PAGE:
watermelon

If you grew up enjoying watermelon as a tasty summer treat, you might also have grown up with the notion that it’s just flavored water—harmless, but not particularly healthy. Well, think again! This summer staple is also a nutritional powerhouse. The health benefits of watermelon might surprise you.

Watermelon has been found to be one of the most nutrient dense foods commonly eaten by Americans (meaning it has the most nutrition per calorie). Watermelon is mostly water, so it’s also very low in calories, but it’s very high in vitamin C, beta carotene, lycopene and vitamin A—all major antioxidants that have been shown in clinical studies to help fight cancer.

Maybe slightly more surprising is that the health benefits of watermelon also include high levels of B vitamins, particularly B1 and B6, which help keep electrolytes in balance and help cells convert food to energy respectively. Watermelons also contain lots of potassium and magnesium, both essential for body functions. Between the B vitamins and the essential minerals, watermelon is a great way to keep yourself well hydrated in the summer.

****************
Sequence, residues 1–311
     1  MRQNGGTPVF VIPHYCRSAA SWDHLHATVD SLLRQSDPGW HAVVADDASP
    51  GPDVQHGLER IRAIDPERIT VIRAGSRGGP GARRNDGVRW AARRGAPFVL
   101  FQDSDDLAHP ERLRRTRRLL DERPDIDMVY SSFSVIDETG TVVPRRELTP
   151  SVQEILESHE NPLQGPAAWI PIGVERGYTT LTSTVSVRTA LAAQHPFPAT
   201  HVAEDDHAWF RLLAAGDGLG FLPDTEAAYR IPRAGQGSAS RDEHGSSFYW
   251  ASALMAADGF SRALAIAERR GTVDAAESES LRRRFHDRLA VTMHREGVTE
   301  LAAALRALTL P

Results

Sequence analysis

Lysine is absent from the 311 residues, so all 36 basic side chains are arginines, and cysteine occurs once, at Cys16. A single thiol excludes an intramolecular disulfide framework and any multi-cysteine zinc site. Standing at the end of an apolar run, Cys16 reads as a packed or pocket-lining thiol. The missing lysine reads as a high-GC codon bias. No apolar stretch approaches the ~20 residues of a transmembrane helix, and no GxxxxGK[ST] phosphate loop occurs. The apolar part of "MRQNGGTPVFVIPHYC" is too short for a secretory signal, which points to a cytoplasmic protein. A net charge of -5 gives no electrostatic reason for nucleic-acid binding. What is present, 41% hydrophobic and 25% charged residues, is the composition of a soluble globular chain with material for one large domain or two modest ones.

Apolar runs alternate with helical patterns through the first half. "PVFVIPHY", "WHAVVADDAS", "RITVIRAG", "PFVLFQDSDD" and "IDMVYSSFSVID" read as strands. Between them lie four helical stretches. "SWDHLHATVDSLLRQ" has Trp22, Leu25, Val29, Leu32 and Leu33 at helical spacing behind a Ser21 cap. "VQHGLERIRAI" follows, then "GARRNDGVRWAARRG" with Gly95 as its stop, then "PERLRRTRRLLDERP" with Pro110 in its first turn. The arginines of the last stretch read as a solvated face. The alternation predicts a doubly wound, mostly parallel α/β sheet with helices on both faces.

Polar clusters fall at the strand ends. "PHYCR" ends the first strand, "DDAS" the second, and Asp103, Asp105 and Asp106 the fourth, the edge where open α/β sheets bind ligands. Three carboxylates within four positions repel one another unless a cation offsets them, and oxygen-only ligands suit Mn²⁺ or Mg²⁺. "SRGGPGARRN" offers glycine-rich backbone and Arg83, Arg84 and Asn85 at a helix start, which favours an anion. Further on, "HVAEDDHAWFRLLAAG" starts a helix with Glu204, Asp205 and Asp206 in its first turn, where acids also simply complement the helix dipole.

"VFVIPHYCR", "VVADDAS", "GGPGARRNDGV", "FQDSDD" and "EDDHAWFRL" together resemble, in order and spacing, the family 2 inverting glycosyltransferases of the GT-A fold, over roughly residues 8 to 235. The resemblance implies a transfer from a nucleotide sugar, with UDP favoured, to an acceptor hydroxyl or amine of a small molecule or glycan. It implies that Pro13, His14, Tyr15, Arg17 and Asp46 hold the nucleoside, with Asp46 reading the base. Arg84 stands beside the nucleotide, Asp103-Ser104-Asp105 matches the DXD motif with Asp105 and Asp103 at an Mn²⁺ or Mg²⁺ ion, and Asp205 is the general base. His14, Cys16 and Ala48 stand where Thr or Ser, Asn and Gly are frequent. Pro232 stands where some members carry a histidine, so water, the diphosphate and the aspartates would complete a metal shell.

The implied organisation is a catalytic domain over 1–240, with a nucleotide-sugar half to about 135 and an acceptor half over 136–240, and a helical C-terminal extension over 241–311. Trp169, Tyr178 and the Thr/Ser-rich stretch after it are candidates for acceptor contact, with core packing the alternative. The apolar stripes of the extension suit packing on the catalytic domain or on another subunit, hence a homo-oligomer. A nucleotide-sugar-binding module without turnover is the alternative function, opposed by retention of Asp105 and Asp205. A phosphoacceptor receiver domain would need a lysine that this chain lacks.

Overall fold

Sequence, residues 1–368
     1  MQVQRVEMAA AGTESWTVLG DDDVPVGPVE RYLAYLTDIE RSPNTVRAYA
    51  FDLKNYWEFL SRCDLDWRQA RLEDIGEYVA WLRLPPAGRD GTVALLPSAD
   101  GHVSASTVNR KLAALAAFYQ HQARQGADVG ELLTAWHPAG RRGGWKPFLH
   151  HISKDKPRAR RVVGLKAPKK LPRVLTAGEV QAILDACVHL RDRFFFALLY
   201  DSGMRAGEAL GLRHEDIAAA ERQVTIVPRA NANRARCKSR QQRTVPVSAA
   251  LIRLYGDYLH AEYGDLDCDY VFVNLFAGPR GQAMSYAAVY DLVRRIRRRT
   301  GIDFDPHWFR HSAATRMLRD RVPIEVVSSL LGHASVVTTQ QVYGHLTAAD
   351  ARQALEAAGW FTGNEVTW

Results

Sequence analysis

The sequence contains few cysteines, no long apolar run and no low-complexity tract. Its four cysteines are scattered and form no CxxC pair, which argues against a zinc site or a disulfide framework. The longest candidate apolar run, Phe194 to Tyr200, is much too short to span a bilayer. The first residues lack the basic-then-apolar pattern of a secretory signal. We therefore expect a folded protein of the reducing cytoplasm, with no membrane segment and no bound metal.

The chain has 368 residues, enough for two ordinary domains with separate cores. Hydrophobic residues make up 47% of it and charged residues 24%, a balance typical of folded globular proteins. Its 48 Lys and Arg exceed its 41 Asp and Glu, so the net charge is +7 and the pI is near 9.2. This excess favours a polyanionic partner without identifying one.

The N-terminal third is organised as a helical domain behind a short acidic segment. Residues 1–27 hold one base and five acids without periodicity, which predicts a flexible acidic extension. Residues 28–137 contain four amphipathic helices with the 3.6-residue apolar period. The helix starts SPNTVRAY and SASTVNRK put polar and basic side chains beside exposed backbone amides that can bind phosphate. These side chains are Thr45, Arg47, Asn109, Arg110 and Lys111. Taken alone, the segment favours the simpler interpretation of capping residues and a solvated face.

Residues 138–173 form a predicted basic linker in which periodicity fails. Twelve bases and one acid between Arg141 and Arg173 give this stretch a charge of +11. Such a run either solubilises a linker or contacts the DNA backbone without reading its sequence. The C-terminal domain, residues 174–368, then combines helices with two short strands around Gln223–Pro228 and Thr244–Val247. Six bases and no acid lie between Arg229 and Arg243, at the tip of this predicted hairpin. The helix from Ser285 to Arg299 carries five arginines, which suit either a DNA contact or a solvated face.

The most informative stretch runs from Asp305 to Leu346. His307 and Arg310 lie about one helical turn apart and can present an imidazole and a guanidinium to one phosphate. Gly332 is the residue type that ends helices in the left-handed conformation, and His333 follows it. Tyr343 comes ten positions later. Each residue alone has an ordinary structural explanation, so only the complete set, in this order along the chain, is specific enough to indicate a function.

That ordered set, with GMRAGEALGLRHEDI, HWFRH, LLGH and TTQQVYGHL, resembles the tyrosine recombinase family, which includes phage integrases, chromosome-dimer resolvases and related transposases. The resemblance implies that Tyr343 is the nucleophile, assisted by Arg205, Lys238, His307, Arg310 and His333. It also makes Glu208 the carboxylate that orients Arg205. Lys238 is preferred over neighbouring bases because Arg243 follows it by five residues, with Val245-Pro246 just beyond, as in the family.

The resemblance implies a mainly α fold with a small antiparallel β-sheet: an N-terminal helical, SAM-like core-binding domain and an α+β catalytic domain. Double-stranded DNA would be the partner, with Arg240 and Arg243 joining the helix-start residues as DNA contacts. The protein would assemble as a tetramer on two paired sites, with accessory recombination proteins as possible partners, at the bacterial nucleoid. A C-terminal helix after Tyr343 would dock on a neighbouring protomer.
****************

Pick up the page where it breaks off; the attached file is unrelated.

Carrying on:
Finding organic watermelons can be a challenge (and they can be very expensive when you do find them), but luckily, watermelons have consistently been part of the Environmental Working Group’s “Clean 15″ list of the 15 least-contaminated conventional fruits and vegetables.

Interestingly, a 2006 study by the U.S. Department of Agriculture found that watermelon stored at room temperature provided significantly more nutrition than watermelon stored in the refrigerator.  In fact, they had  more nutritional value when stored at room temperature than even freshly picked. Plus, the fruit lasted longer—up to 21 days—when kept at around 55 degrees as opposed to the standard 40 degrees of a fridge.

Watermelon pairs well with sweet or savory dishes. Serve in a fruit salad or even as part of a juice or cocktail. Or mix with sweet Thai basil and feta for a sweet/savory salad.  

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